12-2 -1 With the Radicals' run now finished, the Rush hold claim to the longest active home winning streak at 17 games and counting. Toronto also maintains a 26-game streak of scoring 20+ goals per game, an AUDL record. There's a host of other nuggets that speak to this team's golden legacy, but like Madison, Toronto is entering a new era with a focus on developing their younger talent. It began last season, especially on defense, as the not-old-but-older guard of stalwart defenders Andrew Carroll, Remi Ojo, and Geoff Powell saw their production numbers eclipsed by budding playmakers Jacky Hau and JJ Edwards. A similar evolution could take place on offense this season, with the continuing emergence of Bretton Tan, Nathan Hirst, and the already-stellar Isaiah Masek-Kelly filling out their roles.



10-4 - While the loss of a few top players from last season—notably Helton, Nicky Spiva, and Tom Doi, who were clutch performers for the team in 2016—will be felt in the early going, the Breeze are only looking up coming off their best season in franchise history. DC hit its stride towards the end of the regular season, winning five straight games before an overtime loss to the Rush ended their season two goals shy of the final four. The offense, led by Jeff Wodatch, Markham Shofner, and Jonathan Neeley, were consistent-to-great, and DC's defense was the best in the league at generating takeaways, averaging 18 per game. The return of Nate Castine and some athletic offseason additions should lead to even more blocks and more points in transition.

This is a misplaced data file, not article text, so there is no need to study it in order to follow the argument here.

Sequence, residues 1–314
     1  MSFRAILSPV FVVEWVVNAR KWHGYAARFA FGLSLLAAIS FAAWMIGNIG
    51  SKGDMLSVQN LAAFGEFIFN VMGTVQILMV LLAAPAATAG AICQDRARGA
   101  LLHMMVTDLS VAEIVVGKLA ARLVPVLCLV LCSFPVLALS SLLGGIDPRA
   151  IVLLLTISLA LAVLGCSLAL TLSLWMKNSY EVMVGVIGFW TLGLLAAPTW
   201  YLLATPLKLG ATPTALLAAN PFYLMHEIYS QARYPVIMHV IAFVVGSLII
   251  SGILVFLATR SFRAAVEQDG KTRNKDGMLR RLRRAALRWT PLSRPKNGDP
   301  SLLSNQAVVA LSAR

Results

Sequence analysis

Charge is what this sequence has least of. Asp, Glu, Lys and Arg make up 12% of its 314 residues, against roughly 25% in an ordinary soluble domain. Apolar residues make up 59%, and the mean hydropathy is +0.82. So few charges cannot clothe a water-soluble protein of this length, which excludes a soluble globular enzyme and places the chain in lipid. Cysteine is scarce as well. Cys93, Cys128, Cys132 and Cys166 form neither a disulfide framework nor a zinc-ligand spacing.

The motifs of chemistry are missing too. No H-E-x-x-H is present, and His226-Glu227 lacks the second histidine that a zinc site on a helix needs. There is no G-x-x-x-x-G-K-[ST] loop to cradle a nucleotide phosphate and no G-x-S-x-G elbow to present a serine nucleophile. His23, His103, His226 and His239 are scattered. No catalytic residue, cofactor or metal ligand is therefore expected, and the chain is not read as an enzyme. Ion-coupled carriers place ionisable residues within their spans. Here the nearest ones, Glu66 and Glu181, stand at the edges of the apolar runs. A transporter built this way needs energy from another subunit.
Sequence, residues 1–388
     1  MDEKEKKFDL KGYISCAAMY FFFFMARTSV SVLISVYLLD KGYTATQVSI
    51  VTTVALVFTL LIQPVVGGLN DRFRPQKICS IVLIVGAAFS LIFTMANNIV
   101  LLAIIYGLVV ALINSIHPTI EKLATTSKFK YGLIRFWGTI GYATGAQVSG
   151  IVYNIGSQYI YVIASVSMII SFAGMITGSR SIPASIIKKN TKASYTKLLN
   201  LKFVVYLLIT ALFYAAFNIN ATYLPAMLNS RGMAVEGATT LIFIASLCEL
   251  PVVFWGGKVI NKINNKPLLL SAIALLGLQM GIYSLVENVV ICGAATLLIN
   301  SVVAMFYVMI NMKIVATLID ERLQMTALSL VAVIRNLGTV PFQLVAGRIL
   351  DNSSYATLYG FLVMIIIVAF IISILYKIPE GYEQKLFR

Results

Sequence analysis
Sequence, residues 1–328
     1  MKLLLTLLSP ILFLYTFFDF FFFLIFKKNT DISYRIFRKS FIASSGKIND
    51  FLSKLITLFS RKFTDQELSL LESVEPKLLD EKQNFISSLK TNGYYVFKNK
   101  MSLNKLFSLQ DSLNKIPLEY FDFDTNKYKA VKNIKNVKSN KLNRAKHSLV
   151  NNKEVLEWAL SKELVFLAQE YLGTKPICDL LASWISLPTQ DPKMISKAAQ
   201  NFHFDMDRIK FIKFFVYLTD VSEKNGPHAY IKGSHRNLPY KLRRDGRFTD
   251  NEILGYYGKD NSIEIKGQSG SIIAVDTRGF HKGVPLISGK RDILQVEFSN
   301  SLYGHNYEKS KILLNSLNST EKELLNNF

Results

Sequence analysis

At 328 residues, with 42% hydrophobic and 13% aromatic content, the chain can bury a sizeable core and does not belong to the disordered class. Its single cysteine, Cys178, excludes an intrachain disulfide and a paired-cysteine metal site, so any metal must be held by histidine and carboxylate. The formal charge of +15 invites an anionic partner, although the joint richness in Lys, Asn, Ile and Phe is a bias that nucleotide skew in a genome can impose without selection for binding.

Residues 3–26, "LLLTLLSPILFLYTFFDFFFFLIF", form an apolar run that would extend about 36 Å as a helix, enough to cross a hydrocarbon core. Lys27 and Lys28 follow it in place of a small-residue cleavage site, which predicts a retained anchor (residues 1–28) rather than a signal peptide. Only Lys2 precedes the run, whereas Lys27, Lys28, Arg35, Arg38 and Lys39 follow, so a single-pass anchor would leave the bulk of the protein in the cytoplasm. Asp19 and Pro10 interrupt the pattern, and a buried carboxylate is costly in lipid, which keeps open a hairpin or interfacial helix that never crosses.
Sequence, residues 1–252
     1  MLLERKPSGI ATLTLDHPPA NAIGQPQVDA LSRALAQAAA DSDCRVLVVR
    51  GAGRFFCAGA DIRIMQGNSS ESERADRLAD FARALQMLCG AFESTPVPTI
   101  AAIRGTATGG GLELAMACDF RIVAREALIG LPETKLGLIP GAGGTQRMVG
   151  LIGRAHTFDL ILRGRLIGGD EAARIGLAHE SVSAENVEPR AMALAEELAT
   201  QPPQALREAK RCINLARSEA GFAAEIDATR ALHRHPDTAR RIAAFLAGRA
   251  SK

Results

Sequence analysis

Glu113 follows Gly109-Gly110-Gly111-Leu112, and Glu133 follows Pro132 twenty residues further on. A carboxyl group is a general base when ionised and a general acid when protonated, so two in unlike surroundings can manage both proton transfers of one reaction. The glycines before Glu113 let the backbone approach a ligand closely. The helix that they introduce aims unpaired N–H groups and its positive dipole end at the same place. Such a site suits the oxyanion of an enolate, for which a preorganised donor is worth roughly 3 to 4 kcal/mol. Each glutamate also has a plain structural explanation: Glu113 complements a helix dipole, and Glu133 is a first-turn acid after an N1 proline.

7-7 +2 One of the dark horses of the 2017 season, New York has created a lineup that, on paper, could absolutely make a title game with players like Ryan Drost, Jeff Babbitt, and Ben Jagt. What stands between them and their ceiling are just, oh, the winningest team in the history of the league (Toronto), a resurgent powerhouse (DC), and a host of steadfast competitors in the improved East Division. But the Empire are determined that this is their season, regardless of the fact that all seven of their losses last year came at the hands of their two biggest rivals. The point of emphasis for New York should be possession, as they have struggled at times with turning the disc. If the Empire don't beat themselves with careless turnovers, they will be a reckoning force in their division and beyond.



5-9 +10 Similar to the Empire, the Cannons have incredibly high potential and could turn a lot of heads with their explosiveness. They spent the offseason signing big athletes to make their presence known in the South after missing out on the playoffs in 2016, and redeveloped their team identity from a stat-focused glory show to a team committed to one goal—winning a title. There is not a offensive threat quite like the combo of Cole Sullivan and Mischa Freystaetter, and now with defenders Jakeem Polk, Jeremy Langdon, and Chris LaRocque on the roster, the Cannons may finally have a defense with the ability complement their potent offense. Jacksonville expects to compete for the first place spot in the South, but that can't happen until they prove, definitively, that they can slow opponents down.